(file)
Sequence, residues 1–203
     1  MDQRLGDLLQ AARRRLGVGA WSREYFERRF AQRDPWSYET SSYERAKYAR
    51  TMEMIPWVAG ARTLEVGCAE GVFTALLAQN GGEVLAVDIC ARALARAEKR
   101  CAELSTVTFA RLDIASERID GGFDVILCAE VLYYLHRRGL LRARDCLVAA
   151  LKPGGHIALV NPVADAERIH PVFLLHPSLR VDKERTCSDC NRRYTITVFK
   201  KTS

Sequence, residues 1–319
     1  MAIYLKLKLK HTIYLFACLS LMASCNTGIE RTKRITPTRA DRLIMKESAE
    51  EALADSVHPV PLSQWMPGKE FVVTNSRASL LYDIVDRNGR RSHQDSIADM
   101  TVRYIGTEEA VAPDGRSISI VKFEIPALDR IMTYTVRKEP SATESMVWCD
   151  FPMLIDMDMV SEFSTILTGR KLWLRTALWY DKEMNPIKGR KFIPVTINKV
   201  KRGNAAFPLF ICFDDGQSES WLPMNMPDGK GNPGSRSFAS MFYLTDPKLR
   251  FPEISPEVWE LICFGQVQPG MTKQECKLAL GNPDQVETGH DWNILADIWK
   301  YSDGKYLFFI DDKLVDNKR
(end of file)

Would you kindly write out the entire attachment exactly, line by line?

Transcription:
Sequence, residues 1–203
     1  MDQRLGDLLQ AARRRLGVGA WSREYFERRF AQRDPWSYET SSYERAKYAR
    51  TMEMIPWVAG ARTLEVGCAE GVFTALLAQN GGEVLAVDIC ARALARAEKR
   101  CAELSTVTFA RLDIASERID GGFDVILCAE VLYYLHRRGL LRARDCLVAA
   151  LKPGGHIALV NPVADAERIH PVFLLHPSLR VDKERTCSDC NRRYTITVFK
   201  KTS

Sequence, residues 1–319
     1  MAIYLKLKLK HTIYLFACLS LMASCNTGIE RTKRITPTRA DRLIMKESAE
    51  EALADSVHPV PLSQWMPGKE FVVTNSRASL LYDIVDRNGR RSHQDSIADM
   101  TVRYIGTEEA VAPDGRSISI VKFEIPALDR IMTYTVRKEP SATESMVWCD
   151  FPMLIDMDMV SEFSTILTGR KLWLRTALWY DKEMNPIKGR KFIPVTINKV
   201  KRGNAAFPLF ICFDDGQSES WLPMNMPDGK GNPGSRSFAS MFYLTDPKLR
   251  FPEISPEVWE LICFGQVQPG MTKQECKLAL GNPDQVETGH DWNILADIWK
   301  YSDGKYLFFI DDKLVDNKR